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Back Pain Center

Exercises for Back Pain Due to Adhesions

by
author image Wayne Phillips
Wayne Phillips has been writing health and wellness-related articles since 1980. His articles have appeared in the "Journal of Active Aging," "Medical Progress," and "Stanford Medicine." Phillips is a Fellow of the American College of Sports Medicine and holds a Ph.D. in exercise and wellness from Arizona State University
Exercises for Back Pain Due to Adhesions
Man holding his lower back in pain Photo Credit Tomwang112/iStock/Getty Images

Adhesions are part of a family of musculo-skeletal disorders that contribute to low back pain. They are a type of internal scar tissue that builds up around the muscle fibers and connective tissue, causing them to clump together and restrict their independent movement. This often causes referred pain to other parts of the body that can further contribute to muscle imbalance and increased back pain.

Causes

Adhesions are thread-like strands of collagen produced by the body in response to healing after trauma, whether from surgery or injury or both. Adhesions may also be produced by overtraining or by chronic poor posture, for example as a result of lengthy sitting at a desk or computer. Once formed, unless action is taken, adhesions can become larger or tighter over time, further restricting back mobility and often exacerbating back pain.

Significance

Until recently, the only option to repair adhesion damage was lysis surgery which involved cutting or burning the adhesions. However this same procedure often created additional adhesions from the surgury itself. In contrast, certain kinds of specific, focused exercises have been found to reduce both the number and impact of adhesions by breaking down their web-like connections to body tissue and helping return movement to normal.

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Self Exercise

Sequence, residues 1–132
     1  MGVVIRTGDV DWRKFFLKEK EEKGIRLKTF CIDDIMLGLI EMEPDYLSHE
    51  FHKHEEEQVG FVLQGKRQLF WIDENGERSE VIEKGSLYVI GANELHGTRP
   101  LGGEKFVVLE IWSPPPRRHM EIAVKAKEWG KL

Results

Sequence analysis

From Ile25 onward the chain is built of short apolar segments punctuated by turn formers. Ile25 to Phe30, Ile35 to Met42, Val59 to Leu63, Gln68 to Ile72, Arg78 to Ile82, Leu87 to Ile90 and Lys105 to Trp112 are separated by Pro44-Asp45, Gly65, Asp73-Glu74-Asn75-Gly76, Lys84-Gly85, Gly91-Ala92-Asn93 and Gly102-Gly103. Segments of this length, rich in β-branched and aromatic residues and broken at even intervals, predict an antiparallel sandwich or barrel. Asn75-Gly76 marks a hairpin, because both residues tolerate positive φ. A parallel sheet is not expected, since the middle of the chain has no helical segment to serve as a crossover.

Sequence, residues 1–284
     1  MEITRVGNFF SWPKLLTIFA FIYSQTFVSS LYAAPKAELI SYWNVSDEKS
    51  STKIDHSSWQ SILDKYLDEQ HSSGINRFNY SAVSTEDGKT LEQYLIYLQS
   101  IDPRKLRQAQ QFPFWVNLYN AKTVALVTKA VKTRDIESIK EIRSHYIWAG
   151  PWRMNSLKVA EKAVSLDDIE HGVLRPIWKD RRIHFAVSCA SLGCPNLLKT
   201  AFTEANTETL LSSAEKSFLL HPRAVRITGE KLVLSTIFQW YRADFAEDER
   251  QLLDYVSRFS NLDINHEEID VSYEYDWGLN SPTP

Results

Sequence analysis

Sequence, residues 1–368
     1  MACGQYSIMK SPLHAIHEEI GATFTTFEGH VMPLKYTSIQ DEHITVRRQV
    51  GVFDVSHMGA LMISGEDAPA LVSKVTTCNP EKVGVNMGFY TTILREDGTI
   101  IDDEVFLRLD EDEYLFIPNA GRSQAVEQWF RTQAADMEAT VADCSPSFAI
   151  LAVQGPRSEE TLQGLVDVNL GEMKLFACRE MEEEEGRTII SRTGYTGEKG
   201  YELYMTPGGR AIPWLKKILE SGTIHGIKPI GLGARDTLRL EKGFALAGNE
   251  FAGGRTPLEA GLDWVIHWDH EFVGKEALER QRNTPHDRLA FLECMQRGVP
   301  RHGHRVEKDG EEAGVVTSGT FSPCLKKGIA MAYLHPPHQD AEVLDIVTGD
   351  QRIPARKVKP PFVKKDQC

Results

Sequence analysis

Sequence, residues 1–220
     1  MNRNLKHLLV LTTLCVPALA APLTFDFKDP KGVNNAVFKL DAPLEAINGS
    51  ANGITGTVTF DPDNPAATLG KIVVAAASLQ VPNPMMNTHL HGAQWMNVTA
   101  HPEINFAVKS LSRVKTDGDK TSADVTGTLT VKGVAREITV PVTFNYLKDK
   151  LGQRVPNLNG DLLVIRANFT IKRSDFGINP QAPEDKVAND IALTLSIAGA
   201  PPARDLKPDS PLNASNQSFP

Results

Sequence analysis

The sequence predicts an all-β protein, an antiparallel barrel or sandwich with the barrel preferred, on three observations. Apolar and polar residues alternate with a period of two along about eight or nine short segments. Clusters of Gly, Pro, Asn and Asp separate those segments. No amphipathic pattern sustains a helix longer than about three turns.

Muscle and fascial stretching with or without equipment have been shown to reduce muscle adhesions and restrictions. Self massage techniques, also known as self myofascial release, using foam rollers or Swiss balls have also been shown to reduce the severity of low back pain when targeting the back extensors or hamstring muscles.

Therapeutic Exercise

Therapeutic exercises applied by qualified manual therapists have been found to be the most effective technique for easing low back pain. Massaging or stretching the effected tissue in this way can break some of the links between adjacent connective tissue bundles. Therapeutic exercises are particularly appropriate for adhesions to the lumbosacral junction and sacro-iliac joints, areas that are not accessible to self massage techniques but are often the root of low back pain according to therapists at Clear Passage Physical Therapy.

Risks of exercise

If an individual has low back pain as the result of adhesions, biomechanical compensations for these restrictions automatically develop in other parts of the back musculature as well as the body generally. If conventional exercise is continued, the compensations accumulate over time and become areas of pain and dysfunctional movement according to Ann and Chris Frederick, creators of Fascial Stretch Therapy and authors of the best selling book “Stretch to Win.”

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References

Demand Media